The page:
Shorthand commands
 Meta actions
 BRINGUP details
 Unicode characters
 Actions configuration file
 Action classes for applications
Numbers and Spoken Forms
Unimacro and Vocola
Cooperation with voicecoder
Unit testing
Grammar classes
Global dictation

The action mechanism

Also see section on Vocola and Unimacro when using Unimacro Shorthand Commands and/or meta actions in Vocola

Actions and Keystrokes

These can be compared with keystroke dvc commands and script dvc commands. They can be exploited in user defined grammars. Also Vocola can make use of these features, see next section.


The actions as called in a user grammar or in a ini file (see below) can be:

  • Keystrokes: a keystroke sequence eg. {alt+f4} for close window
  • a shorthand command in capitals, like HW (for HeardWord), SSK (for SendSystemKeys). See the full list of them.
  • an ExecScript command, being one of the official NatSpeak commands, like "ClearDesktop". Capitalisation of these words should be exactly as in the NatSpeak manual.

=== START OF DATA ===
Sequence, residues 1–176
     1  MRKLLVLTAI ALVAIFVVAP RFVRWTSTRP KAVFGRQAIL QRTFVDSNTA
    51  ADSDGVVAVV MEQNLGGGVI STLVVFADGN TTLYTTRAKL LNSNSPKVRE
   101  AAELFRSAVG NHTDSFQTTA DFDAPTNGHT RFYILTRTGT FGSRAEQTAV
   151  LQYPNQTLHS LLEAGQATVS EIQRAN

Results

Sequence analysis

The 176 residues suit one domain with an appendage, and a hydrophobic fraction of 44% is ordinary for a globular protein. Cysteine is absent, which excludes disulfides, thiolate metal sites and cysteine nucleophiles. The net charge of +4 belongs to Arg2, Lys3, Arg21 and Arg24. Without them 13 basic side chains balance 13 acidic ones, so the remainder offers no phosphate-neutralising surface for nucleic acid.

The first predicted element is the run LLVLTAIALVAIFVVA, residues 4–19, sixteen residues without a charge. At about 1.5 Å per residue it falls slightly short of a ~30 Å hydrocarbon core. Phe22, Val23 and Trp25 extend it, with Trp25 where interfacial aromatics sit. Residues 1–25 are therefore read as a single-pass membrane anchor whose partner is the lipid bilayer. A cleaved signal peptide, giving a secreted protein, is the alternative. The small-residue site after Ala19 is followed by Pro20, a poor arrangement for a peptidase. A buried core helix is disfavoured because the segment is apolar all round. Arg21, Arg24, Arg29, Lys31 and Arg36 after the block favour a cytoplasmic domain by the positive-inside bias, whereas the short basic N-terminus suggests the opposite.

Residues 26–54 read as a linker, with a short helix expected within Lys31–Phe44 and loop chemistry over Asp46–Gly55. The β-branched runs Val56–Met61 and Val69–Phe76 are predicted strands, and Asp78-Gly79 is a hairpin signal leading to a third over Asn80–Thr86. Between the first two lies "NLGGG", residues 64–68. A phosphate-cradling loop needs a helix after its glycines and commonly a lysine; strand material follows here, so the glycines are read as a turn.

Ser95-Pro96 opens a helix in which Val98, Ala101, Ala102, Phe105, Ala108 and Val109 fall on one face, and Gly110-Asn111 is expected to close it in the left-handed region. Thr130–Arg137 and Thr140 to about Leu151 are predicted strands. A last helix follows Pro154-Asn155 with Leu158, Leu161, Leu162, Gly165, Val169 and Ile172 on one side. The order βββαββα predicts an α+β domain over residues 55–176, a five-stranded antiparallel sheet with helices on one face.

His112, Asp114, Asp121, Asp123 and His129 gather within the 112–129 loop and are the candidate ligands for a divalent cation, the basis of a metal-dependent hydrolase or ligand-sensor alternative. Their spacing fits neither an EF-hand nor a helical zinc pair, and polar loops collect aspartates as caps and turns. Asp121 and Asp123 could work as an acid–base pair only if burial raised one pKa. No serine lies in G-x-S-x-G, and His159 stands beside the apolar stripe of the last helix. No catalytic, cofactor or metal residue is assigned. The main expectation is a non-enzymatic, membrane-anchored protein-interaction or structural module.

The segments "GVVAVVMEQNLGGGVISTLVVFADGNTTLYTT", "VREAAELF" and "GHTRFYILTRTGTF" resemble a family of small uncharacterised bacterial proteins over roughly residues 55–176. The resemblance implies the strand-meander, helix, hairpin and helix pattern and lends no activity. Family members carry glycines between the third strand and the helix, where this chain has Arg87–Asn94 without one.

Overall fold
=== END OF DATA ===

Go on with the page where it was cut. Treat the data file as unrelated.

• a meta action, like <<file save as>>
  • any combination of above possibilities, separated by ";" (semi colon) or a new line.

If parts of an action are separated with a ";" or a newline, a short pause is done. So there is a subtle difference between the keystroke sequences abc and a; b; c.


This seems to be identical to NatLink.playString(). But there is more: through the ini file keystroke behaviour can be defined. Keys that need "hard" keystrokes (SendSystemKeys) can be defined, or it can be defined that ALL keystrokes in a specific application must be "hard". Also can be defined they optional pause between keystrokes. In current window applications this seems to be not necessary any more.

Using actions in a user defined grammar

The actions can be called from any user defined grammar. If you extensively use actions and/or a keystrokes it is easiest to import from the action module like

from actions import doAction as action
from actions import doKeystroke as keystroke

If you want to execute a action simply call action("..."). If you only want to do some keystroke combination calling keystroke("...") has the same result as the call to action (but is slightly faster).